The court gives short shrift, however, to one theory that seemed more plausible to me. The domestics emoluments clause appears designed to ensure that no state exercises undue influence over the president. To the extent Trump has accepted prohibited emoluments from certain states, it is arguable that other states (such as Maryland) have suffered an injury within the zone of interests protected by the clause. The Fourth Circuit rejected this theory as an attempt to assert a “generalized grievance,” but it did not directly confront the proposition that the clause protects the states qua states, not just the general public.

What does this mean for the prospects for the three emoluments lawsuits against Trump? Although the plaintiffs may seek further review, D.C. v. Trump is unlikely to go anywhere now. The other suit predicated on a competitive injury theory, CREW v. Trump, was dismissed by the district court and is now pending before the Second Circuit. It seems unlikely to make it to the discovery stage either, at least anytime soon.

The case to keep an eye on is Blumenthal v. Trump, which was filed by Democratic members of Congress in federal court in D.C. It presents distinct standing issues. The plaintiffs claim that they have suffered an institutional injury due to Trump’s failure to present (alleged) foreign emoluments to Congress for its consent under the Foreign Emoluments Clause. Judge Sullivan accepted this theory and refused to dismiss the case for lack of standing. This decision, however, is questionable at best under existing Supreme Court precedent, particularly in light of the Court’s most recent ruling on legislative standing.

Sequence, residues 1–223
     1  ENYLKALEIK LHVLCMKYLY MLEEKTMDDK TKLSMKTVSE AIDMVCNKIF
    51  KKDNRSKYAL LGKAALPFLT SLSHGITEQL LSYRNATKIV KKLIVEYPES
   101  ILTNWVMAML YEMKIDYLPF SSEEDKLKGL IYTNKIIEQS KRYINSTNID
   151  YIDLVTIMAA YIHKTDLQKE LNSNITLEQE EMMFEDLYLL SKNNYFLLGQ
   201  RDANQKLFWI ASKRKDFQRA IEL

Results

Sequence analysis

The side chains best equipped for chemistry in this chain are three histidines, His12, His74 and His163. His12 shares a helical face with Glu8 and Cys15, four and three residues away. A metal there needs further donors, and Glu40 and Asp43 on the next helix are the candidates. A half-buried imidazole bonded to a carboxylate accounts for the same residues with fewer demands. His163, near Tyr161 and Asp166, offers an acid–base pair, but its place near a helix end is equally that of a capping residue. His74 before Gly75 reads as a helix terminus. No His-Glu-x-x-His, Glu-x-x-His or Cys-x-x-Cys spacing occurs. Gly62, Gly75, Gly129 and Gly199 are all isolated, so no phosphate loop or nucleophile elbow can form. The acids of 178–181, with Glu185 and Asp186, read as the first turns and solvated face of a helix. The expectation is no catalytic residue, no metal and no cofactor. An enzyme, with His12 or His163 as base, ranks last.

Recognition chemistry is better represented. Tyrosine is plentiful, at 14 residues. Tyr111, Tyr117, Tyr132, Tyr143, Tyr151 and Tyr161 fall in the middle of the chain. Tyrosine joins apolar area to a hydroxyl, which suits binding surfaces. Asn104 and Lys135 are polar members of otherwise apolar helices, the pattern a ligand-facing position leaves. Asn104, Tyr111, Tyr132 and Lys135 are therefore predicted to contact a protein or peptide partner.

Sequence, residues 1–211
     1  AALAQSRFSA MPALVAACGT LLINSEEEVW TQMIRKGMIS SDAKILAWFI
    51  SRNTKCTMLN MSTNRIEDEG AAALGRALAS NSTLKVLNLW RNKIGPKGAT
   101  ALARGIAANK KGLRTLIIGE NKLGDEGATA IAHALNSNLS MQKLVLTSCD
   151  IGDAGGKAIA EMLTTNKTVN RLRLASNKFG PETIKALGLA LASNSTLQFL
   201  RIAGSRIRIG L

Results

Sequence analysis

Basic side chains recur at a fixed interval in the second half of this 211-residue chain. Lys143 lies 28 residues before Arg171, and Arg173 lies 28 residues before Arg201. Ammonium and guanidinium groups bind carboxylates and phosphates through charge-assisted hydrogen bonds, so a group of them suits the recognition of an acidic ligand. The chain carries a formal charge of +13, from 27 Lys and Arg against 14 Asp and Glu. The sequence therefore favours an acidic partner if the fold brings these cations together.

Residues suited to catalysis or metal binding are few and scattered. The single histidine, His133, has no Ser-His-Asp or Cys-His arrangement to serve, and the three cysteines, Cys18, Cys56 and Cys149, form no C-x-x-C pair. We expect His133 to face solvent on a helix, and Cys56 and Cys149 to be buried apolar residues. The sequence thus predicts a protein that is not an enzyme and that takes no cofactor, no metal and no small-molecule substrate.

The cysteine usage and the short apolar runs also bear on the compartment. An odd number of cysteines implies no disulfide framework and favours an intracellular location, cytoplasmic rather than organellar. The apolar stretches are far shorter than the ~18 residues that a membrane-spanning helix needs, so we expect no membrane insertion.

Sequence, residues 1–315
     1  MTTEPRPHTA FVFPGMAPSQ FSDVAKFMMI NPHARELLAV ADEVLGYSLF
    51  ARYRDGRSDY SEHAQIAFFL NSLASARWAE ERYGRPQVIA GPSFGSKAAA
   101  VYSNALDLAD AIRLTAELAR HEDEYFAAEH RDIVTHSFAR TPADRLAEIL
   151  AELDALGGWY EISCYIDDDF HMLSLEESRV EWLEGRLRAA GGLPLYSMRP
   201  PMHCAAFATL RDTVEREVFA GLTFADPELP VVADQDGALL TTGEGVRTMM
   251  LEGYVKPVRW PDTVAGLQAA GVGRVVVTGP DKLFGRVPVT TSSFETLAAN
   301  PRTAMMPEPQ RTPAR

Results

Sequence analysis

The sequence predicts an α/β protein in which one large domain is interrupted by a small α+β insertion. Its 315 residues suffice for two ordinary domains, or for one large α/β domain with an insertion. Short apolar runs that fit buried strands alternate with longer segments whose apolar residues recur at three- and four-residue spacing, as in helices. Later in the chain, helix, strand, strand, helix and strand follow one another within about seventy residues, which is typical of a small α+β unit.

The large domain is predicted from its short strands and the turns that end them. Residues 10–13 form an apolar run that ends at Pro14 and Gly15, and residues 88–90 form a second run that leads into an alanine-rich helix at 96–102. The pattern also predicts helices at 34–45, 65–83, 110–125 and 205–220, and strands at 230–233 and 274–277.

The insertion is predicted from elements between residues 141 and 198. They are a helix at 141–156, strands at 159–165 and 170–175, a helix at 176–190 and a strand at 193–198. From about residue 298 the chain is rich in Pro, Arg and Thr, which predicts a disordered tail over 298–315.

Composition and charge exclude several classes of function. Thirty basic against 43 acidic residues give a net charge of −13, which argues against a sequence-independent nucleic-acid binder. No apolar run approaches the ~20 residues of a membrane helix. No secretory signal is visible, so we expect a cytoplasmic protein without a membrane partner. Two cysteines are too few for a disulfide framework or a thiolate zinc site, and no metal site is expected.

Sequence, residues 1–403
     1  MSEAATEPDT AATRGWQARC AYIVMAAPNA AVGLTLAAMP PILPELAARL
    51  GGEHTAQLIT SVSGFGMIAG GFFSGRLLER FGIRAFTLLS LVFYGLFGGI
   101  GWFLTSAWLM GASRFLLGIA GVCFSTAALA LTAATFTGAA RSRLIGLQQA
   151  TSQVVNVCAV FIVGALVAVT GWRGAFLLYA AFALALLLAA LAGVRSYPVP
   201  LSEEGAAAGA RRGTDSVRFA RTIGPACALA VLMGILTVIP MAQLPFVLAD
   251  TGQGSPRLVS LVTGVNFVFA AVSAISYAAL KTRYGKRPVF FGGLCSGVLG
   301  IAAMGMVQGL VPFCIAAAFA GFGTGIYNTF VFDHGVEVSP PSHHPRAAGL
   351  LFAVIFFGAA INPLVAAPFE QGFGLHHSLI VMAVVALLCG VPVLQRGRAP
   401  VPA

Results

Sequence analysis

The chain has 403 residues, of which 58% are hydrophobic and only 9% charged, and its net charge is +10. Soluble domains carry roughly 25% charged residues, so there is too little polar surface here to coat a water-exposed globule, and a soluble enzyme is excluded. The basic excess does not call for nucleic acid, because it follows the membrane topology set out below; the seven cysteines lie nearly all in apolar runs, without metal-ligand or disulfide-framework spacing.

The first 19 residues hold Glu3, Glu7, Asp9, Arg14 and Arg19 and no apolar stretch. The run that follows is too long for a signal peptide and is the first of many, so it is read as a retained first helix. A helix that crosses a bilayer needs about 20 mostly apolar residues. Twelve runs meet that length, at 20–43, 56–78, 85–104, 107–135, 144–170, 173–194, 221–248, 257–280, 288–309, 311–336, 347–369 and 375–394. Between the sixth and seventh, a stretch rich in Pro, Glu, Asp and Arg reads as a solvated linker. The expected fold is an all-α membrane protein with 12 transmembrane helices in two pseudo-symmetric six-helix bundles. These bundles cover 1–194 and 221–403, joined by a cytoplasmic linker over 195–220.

The Justice Department has sought a writ of mandamus from the D.C. Circuit to prevent Judge Sullivan from moving forward with discovery in the Blumenthal case. It has indicated that if it does not receive a decision from the appellate court by July 22, it may seek relief from the Supreme Court, (hat tip: Seth Barrett Tillman). Should the Supreme Court agree to hear the case, it could use the opportunity to address broader questions of legislative standing that remain unresolved, which could affect the Ways and Means committee lawsuit to obtain Trump’s tax returns and other contemplated House litigation against the administration.